Really, the Pope and Jewish mothers everywhere ought to come out against e- readers. Guilt can be a powerful force for good.
I’m in love with Michael Dirda, damn him.
Michael is the Pulitzer Prize-winning author of a number of dauntingly erudite yet gorgeously readable books about books. He writes equally stunning essays for the New York Times, the Barnes & Noble Review, and, well, pretty much any venue where the printed word is discussed. I’ve met him a few times, he being a regular at the annual Baker Street Irregulars dinner. And when I’m writing, he is rarely far from my mind, since I often dip into the Oxford American Writer’s Thesaurus to spark my interest in, and attention to, the words I’m using—and there stands MD, delivering pithy remarks about words from boring (“Just as sexy (q.v.) is the ultimate compliment, so boring is the most dreaded pejorative.”) to very (“among the few words that gains in effectiveness when repeated”) with stops at crapulous (“Writers ought to use these tricky words sometimes, not only to keep such useful terms current but also to lend a little panache to their prose.”) postmodern (“neatly suggests that its user is learned, widely read, up to date on the latest in literary theory, and, in general, really cool, not to say—ahem—edgy.”) and sexy (“be careful when using this revealing adjective: It allows others a peek into your unclothed psyche.”)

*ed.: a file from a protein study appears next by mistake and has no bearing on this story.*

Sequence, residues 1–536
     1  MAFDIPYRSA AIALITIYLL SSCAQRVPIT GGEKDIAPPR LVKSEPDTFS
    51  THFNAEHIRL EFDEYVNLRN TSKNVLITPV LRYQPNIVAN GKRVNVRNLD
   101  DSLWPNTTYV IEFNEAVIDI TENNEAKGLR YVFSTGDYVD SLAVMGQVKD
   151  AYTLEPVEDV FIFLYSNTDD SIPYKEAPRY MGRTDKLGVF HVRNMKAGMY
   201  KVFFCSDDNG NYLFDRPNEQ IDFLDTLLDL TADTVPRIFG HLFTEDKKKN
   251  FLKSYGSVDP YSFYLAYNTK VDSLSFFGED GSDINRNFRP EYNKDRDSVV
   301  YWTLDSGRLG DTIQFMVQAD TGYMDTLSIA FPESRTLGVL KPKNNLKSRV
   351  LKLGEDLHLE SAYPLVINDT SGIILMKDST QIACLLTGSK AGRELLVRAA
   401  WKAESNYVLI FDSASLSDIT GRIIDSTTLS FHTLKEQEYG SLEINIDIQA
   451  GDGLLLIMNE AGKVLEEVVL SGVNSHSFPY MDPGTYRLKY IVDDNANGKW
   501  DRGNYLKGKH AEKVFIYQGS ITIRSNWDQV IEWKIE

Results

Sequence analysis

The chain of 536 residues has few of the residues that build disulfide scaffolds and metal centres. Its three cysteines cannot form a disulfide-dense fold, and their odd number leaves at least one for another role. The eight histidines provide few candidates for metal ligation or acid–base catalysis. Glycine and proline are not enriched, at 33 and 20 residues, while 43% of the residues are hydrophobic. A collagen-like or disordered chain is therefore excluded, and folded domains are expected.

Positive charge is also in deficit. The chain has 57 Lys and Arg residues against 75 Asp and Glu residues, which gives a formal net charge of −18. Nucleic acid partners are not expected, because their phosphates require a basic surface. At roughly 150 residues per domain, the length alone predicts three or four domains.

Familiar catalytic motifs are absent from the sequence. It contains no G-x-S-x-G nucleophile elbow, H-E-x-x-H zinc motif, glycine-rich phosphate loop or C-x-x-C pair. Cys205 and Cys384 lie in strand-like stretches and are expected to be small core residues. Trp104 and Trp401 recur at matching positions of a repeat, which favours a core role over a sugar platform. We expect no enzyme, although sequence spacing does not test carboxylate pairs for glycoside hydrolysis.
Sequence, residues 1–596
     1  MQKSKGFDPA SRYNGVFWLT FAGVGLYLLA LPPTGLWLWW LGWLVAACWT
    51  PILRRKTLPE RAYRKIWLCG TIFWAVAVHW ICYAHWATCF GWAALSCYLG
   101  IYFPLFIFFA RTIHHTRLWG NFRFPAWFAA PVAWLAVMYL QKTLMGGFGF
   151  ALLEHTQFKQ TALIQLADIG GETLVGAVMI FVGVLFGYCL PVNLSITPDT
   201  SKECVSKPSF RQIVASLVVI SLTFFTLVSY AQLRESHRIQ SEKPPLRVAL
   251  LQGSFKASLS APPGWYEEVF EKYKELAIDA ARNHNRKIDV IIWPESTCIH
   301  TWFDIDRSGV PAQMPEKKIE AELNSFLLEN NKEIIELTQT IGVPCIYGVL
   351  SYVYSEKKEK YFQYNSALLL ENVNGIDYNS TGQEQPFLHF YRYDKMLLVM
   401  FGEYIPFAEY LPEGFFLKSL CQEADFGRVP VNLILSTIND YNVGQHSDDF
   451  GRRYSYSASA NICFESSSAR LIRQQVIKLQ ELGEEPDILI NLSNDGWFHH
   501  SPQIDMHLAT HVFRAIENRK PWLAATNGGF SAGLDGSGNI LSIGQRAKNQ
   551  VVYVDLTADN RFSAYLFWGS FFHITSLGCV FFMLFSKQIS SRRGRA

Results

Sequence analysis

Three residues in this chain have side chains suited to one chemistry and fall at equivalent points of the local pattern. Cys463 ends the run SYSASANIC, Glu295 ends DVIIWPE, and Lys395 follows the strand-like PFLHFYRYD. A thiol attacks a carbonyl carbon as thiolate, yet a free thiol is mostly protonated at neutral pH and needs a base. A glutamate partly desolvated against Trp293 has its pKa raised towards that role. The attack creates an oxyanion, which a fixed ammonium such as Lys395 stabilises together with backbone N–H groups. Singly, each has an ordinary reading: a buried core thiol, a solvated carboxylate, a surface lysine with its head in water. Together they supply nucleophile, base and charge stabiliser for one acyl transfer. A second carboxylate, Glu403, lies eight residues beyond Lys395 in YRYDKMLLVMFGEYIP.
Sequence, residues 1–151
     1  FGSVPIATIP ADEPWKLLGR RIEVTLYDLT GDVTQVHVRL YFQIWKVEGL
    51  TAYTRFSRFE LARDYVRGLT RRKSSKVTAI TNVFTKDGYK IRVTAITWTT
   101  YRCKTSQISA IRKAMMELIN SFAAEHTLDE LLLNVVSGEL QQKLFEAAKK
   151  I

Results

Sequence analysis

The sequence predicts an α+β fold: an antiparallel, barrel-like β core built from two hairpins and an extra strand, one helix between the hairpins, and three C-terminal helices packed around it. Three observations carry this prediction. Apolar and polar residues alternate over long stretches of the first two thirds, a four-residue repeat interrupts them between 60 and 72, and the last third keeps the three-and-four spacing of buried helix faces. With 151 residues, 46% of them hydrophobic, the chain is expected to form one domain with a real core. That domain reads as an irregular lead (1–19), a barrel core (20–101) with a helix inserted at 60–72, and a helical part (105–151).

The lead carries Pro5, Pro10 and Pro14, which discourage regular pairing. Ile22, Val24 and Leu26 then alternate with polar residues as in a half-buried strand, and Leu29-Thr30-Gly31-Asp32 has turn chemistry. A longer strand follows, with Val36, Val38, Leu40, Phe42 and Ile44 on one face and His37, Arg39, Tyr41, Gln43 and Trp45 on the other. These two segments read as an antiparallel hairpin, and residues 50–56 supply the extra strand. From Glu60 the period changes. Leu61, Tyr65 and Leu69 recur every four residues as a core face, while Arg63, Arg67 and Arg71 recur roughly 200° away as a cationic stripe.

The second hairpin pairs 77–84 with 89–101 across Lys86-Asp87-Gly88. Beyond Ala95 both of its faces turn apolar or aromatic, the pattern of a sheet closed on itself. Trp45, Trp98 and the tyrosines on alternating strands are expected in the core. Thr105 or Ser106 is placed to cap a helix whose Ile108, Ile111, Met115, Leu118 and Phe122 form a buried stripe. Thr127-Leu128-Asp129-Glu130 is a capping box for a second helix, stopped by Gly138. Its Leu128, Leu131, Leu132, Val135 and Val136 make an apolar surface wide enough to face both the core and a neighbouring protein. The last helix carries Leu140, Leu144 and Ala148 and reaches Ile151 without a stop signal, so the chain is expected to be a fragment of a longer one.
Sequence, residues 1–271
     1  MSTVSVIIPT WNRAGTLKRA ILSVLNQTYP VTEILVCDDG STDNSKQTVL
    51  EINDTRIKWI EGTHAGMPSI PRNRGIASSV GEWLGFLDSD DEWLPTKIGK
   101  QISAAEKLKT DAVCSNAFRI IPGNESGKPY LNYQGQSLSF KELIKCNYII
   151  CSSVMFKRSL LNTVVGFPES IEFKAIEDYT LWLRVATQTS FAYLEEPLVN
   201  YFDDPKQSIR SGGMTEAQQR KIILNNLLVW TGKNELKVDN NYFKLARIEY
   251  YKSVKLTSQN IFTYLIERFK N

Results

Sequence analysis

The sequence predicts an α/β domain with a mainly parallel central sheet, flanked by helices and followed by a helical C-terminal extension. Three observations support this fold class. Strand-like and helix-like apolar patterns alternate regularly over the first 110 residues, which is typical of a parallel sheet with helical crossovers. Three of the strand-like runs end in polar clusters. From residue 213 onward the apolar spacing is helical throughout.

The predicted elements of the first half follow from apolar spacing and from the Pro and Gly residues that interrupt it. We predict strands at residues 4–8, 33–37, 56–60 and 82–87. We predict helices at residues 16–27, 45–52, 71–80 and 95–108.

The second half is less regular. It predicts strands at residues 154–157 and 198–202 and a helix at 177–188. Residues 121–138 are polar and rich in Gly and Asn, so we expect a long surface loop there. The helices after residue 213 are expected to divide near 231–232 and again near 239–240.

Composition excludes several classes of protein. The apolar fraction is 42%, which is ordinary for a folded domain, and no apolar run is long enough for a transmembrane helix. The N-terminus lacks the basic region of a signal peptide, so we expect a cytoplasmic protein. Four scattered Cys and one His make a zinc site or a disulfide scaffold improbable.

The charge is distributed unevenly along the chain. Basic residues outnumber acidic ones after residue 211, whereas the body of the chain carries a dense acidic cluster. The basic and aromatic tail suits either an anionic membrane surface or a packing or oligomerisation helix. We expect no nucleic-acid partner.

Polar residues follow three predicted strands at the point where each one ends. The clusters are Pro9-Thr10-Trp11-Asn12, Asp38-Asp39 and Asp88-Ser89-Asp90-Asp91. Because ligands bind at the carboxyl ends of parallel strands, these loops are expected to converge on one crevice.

But this Dirda affaire is getting out of hand. The most recent upsurge in our relationship (about which, I hasten to say, he is unaware—or…was.) began with a reprinted article of his in Salon.com, a site to which I subscribe, for the pleasure of no ads. I’m behind on my reading—both online and on the page—so when I spot something I like, I tend to scroll down a bit and discover things I missed when they first appeared.
Such as a review, of all things, of Pliny the Younger’s description of Pompeii, a review sparked by the eruption of our considerably less dramatic and more tedious Icelandic volcano that brought air traffic to a standstill.